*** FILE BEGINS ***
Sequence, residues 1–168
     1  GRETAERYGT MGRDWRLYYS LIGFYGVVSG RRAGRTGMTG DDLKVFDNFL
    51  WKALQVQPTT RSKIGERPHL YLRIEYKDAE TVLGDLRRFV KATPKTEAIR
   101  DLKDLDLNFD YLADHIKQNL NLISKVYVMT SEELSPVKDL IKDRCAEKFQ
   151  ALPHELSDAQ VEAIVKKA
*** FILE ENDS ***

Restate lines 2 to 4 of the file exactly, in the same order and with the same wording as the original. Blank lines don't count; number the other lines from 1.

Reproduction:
     1  GRETAERYGT MGRDWRLYYS LIGFYGVVSG RRAGRTGMTG DDLKVFDNFL
    51  WKALQVQPTT RSKIGERPHL YLRIEYKDAE TVLGDLRRFV KATPKTEAIR
   101  DLKDLDLNFD YLADHIKQNL NLISKVYVMT SEELSPVKDL IKDRCAEKFQ